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Old 13 May 2017, 06:33   #1
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Join Date: Mar 2009
Location: New York
Posts: 552
AROS68K development methodology and bounties

Hello everyone,

I wanted to take this opportunity to separate out of the Critical components to open source thread the lively AROS-related discussion that kicked up there, in order that the thread may return to its primary topic.

As one forum member rightly pointed out, while we work to address the injustice that is the closed-source Amiga OS 3.1, there is a very worthy project called AROS that certainly deserves our attention. To my mind, this is especially true considering the Vampire team’s recent moves, which I see as a boon to awareness and development of the project. It is something that I at least would like to seize upon and assist along in any way possible.

Before the topic of bounties is directly addressed however, I want to express a personal opinion about why they have largely failed up to this point. Some would say that it is a matter of lacking interest, and maybe that is so. But on the whole I take a different view: I believe that the user experience around bounties and AROS development is appallingly bad. Just take a look. As it stands, discussion, development, and bounties are spread out across multiple domains, most of which are running early 2000s-era software. This breaks the continuity completely. For example, here is one bounty that is reasonably funded, and arguably pretty important, yet unclaimed for over five years. Perhaps this is a simple lack of interest, but I suspect UX is as much to blame, if not more so. After all, how many times a day are people checking that domain?

By contrast, here is a bounty that is directly connected with an issue that is able to be engaged very much like a forum thread. Being hosted on GitHub also means that it is accessible (though by no means automatically visible) to all of the existing users of that platform. In other words, GitHub has the potential to act as connective tissue between discussion, development, and bounties. There are also bounty platforms which integrate directly with GitHub to make this aspect even more flexible. On the whole, assuming the goal of creating an active, open community around a project – one which feels inclusive and organized (albeit in the sometimes chaotic style of an active open source project) – I believe that this is the correct way to do things.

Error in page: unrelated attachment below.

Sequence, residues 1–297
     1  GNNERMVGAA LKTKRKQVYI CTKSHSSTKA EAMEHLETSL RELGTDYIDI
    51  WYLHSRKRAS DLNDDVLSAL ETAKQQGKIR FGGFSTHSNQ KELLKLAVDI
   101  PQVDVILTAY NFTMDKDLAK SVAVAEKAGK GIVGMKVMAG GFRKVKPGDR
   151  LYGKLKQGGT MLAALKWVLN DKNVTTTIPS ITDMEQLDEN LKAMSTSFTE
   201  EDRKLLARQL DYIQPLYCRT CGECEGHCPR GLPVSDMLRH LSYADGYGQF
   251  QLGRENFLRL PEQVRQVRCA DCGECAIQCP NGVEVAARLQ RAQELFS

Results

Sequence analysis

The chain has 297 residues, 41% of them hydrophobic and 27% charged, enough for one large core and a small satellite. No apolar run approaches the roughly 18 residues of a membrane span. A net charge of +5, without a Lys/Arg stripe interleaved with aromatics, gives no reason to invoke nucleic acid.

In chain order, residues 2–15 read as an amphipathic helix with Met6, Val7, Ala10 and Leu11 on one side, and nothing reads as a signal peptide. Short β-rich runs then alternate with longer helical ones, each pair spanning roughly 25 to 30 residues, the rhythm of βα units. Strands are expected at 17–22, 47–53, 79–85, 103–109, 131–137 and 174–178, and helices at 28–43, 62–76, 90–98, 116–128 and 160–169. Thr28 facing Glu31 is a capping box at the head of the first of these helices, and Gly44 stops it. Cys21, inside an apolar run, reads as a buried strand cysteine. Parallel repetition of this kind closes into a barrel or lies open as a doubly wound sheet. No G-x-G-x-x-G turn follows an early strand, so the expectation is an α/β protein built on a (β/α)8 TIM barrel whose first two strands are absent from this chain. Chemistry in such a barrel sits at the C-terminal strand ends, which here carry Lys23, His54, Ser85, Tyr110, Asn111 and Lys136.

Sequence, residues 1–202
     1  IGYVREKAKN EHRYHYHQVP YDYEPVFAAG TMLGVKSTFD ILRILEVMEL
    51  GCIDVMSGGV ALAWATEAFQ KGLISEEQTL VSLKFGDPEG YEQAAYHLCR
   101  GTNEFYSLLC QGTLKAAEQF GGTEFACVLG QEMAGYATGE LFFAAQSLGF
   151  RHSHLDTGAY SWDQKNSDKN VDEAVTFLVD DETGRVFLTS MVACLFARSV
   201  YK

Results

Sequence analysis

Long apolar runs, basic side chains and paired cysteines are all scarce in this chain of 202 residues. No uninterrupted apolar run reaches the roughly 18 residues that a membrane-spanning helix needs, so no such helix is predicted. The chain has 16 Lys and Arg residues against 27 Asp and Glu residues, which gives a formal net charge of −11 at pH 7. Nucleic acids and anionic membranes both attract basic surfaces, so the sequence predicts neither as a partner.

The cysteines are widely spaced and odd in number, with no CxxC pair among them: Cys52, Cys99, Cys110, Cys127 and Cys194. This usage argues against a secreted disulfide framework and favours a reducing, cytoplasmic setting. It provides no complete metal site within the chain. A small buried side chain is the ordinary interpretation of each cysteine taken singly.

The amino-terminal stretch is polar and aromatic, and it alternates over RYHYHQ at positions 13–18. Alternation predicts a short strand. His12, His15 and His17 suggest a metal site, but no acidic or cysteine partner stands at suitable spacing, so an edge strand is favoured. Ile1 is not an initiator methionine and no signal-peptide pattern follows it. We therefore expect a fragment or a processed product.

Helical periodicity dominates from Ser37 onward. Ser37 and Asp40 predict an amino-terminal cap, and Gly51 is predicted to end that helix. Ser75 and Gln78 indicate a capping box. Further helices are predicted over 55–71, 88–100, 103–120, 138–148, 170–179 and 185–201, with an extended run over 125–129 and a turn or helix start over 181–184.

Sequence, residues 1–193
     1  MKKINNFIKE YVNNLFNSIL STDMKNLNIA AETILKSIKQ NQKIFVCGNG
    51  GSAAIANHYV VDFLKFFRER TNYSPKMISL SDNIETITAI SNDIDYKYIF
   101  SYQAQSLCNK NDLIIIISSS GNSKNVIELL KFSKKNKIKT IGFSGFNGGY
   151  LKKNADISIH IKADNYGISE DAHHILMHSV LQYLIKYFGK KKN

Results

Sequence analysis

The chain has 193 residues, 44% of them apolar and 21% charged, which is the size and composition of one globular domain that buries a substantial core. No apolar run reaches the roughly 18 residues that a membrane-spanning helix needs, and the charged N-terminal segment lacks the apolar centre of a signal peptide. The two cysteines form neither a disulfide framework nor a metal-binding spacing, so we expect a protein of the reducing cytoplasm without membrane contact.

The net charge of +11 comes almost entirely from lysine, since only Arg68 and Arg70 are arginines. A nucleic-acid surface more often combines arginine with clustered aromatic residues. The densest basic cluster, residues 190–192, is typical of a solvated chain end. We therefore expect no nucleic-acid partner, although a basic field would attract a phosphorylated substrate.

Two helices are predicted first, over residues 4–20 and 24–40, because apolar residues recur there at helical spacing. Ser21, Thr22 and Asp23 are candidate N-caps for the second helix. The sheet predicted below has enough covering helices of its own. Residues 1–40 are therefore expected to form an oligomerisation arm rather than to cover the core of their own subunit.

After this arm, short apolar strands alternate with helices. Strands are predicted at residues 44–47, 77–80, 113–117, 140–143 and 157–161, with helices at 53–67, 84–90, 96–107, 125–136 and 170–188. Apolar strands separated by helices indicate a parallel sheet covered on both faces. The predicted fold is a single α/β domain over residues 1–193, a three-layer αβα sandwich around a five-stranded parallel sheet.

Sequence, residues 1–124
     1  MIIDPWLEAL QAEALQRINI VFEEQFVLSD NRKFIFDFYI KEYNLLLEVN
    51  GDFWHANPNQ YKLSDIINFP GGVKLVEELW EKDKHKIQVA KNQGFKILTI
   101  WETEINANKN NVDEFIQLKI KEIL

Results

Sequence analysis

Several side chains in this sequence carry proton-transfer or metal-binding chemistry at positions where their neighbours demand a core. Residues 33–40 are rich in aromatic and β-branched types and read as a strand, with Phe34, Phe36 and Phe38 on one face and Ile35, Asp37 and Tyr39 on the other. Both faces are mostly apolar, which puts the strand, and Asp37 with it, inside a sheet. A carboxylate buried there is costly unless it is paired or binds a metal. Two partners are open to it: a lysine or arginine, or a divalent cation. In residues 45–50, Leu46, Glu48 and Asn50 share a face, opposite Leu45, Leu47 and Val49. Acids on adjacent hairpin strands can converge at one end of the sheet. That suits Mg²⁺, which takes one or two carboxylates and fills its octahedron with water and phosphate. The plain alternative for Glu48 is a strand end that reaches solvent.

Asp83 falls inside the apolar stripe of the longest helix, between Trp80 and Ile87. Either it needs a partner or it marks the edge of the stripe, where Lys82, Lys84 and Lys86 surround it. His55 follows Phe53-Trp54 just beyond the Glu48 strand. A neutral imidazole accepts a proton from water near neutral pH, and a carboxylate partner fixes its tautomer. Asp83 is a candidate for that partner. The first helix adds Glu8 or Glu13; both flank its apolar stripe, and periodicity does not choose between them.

Now, getting to the meat of it: I am willing to donate an initial $25,000 to AROS68K-related (ABIv1) bounties, if a team is willing to organize in the manner described above, on GitHub. Yes, my offer requires some initially uncomfortable changes, and perhaps a grumbling abandonment of certain intellectual investments, but I make this offer with a sincere belief that it will be better for everyone in the long run. There are no other strings attached. In fact, I turn everything past this point over to the community: I would very much appreciate it if what came out of this thread, was a lively discussion outlining what you guys see as the most important developments for AROS as a core, standalone operating system for 68K systems – past, present, and future. I will contribute to it myself, but where the bounty money goes will have to be directed by collective good sense – and I sincerely hope you have it. This is not the place to request an MP3 player or a browser, for example. At least not yet.

Please try to be productive, helpful, and on-topic. Anti-AROS sentiment is not welcome in this thread at all; please start another one if you want to rant in that direction.

Power to the people? Let's see how it goes.

Last edited by wXR; 14 May 2017 at 06:30.
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